Tax season is one of the busiest times of the year for scammers.
Let's face it: Filing your income tax is time-consuming and confusing, and scammers play off of the uncertainty that comes along with it. And since no one wants to get on the bad side of the Internal Revenue Service, when you get a call from the "IRS" and they talk about "fraud," "police," "back taxes" and "arrests," it tends to get your attention. It's that fear that drives the tax-season scammers.
With that said, there are a string of phone scams taking place, asking people to make payments for things such as taxes, hospital bills, bail money, debt collection and utility bills. The scams are committed using many methods, including gift cards. The gift cards of choice, however, are iTunes gift cards.
Apparently, everyone loves those Apple gift cards — even scammers.
You might find it bizarre that people are actually falling for the scam. Well, don't be. Taxpayers are taking the bait and losing significant amounts of money, according to the Treasury Inspector General for Tax Administration.
The Treasury Department reports that more than 10,000 victims have collectively paid in excess of $54 million as a result of tax phone scams since October 2013. Again, it may seem crazy, but the scams have been so successful that the Treasury Department was forced to issue a scam alert: "Any caller requesting taxpayers place funds on an iTunes gift cards or other prepaid cards to pay taxes or fees is an indicator or fraudulent activity," it reads.
Regardless of the reason for payment, the scam follows a precise formula: The victim receives a threatening call urging him or her to make a tax payment by purchasing iTunes gift cards from the nearest retailer. After the cards have been purchased, the victim is asked to pay by sharing the 16-digit code on the back of the card with the caller over the phone. Sending money through iTunes gift cards is like a wire transfer.
It's difficult to track where the cash goes after the gift card is drained. If you find out later you've been scammed for money, the chances that you'll get the money back that was on the card are slim.
I played along with the IRS phone scammer who recently called me for as long as I could. However, there was no way I was able to contain my laughter when he instructed me to pay my "back taxes" by purchasing an iTunes gift card. I did "offer" to pay with my credit card, but the scammer said it was too late for that. I was instructed to immediately buy an iTunes gift card and to stay on the phone the entire time; otherwise, "this final chance to avoid prison will disappear and the police will soon arrive and arrest" me.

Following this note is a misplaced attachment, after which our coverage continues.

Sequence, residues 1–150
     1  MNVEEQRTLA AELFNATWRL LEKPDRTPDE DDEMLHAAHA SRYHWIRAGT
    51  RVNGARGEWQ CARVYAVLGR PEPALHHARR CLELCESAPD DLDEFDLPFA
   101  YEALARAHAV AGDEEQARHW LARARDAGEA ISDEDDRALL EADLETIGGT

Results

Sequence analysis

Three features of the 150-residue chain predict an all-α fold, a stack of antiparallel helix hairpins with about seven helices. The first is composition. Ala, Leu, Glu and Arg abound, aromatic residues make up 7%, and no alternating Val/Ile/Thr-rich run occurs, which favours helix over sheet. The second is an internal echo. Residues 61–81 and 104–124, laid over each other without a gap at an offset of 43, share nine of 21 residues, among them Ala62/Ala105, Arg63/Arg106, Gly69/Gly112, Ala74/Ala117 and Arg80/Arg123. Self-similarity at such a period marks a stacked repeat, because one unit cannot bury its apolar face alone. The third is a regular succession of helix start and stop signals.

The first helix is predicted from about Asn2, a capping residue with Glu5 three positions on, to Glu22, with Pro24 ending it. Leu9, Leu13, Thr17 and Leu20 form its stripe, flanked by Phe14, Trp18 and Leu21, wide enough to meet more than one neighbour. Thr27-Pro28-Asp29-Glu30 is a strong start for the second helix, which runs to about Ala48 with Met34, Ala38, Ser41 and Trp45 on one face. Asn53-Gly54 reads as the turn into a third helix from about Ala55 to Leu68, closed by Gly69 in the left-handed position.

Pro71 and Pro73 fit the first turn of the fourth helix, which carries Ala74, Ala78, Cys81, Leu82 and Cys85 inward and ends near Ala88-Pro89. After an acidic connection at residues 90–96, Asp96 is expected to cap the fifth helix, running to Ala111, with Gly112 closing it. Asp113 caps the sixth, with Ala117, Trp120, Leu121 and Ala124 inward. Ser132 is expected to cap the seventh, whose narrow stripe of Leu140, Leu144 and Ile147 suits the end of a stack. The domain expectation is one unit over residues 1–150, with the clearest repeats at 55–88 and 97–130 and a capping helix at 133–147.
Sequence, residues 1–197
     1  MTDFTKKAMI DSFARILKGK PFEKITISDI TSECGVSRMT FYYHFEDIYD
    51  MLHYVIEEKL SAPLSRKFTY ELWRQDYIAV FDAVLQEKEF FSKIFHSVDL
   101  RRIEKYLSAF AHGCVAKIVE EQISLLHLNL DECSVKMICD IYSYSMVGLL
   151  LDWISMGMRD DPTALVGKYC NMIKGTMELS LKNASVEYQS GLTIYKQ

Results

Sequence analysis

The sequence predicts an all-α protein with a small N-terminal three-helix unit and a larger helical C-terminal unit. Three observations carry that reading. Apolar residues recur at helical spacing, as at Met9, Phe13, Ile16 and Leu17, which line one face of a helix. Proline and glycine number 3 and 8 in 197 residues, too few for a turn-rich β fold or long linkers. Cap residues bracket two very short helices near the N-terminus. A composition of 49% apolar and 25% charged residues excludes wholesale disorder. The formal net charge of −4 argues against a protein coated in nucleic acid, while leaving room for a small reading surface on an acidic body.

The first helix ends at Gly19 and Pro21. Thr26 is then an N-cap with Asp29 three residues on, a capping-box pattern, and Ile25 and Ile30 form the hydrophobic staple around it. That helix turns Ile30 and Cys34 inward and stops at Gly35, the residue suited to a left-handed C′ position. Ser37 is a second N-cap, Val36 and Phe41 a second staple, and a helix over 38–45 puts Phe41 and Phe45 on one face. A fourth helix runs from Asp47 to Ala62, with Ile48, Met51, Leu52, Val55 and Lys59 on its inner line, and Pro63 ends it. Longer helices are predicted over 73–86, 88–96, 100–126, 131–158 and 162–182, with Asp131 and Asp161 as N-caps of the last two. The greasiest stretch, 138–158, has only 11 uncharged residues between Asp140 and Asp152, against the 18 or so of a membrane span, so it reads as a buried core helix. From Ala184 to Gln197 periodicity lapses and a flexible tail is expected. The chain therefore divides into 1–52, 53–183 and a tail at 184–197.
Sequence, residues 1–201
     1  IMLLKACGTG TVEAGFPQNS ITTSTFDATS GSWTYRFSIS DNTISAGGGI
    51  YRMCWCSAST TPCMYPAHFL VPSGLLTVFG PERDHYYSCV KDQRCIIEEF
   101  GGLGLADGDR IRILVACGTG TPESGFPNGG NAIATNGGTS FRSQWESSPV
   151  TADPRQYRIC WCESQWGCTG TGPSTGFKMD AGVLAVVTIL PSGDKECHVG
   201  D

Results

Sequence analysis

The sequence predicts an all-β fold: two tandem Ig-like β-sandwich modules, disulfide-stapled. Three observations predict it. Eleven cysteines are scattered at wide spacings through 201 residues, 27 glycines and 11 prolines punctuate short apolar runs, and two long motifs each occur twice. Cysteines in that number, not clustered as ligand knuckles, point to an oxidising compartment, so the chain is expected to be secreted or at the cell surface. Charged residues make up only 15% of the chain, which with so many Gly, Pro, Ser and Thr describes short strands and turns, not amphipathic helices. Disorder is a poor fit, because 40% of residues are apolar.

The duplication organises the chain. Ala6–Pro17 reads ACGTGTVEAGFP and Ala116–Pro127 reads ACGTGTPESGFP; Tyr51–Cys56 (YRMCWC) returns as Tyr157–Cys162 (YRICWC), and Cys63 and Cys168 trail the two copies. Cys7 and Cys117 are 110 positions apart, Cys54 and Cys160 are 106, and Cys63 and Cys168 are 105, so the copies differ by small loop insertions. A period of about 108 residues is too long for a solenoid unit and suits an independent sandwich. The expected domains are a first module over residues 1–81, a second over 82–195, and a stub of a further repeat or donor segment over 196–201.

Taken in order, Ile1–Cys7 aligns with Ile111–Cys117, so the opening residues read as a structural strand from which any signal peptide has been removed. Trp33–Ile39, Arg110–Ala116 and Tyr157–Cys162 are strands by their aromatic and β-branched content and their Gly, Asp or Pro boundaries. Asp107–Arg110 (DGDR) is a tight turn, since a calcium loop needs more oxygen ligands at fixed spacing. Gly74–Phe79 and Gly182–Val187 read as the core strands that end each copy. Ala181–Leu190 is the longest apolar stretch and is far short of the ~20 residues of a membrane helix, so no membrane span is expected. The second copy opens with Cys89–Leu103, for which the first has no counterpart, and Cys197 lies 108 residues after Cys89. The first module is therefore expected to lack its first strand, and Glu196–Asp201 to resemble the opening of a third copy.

Since I didn't comply, the "IRS" apparently issued an arrest warrant "on my name."
This was the ominous message left on my answering machine:
"Hello, this call is an official note from IRS, the Internal Revenue Service. The reason of this call is to inform you that IRS is filling [sic] a lawsuit on your name because you have tried to do a fraud with the IRS and we are taking illegal [sic] action and we are issuing a legal arrest warrant on your name. To get more information regarding this case file, just call us back on our department number, 708-432-8161."
I called the number and started going through a menu of options and was actually transferred to a call center where a man began discussing my "case file" so he could help me avoid a lien being placed on my assets. I asked whom I was speaking with and also pointed out he had no idea whom he was talking to, because he never even asked my name — so how could he possibly know my "case file"?
Without hesitation, he asked me to give him my Social Security number so we could verify it with the one in my "case file." I questioned how the IRS can demand that I pay taxes without giving me the opportunity to question or appeal the amount they say that I owe. I then asked him for his name and his IRS identification number. I was disconnected.
I contacted the IRS about the unsolicited call from the scammer who left the threatening message. The IRS representative said that, despite warnings, people still readily give out personal data and fall into the traps of these scammers. And they indeed use iTunes gift cards to pay their back taxes.
So while it may seem obvious, here goes: Never, ever give out personal financial information — such as Social Security numbers or credit card and bank account numbers and passwords — to anyone who calls you, claiming to be from the IRS.
The IRS reminds taxpayers that IRS impersonation scams continue year-round and that they tend to peak when scammers find prime opportunities to strike. These scammers will be aggressive and use threatening phone calls while impersonating IRS agents, and the scams remain a major threat to taxpayers.
Here are some things scammers, but never the IRS, often do. Any one of these four things is a telltale sign of a scam:
For more information on reporting tax scams, go to IRS.gov and type "scam" in the search box.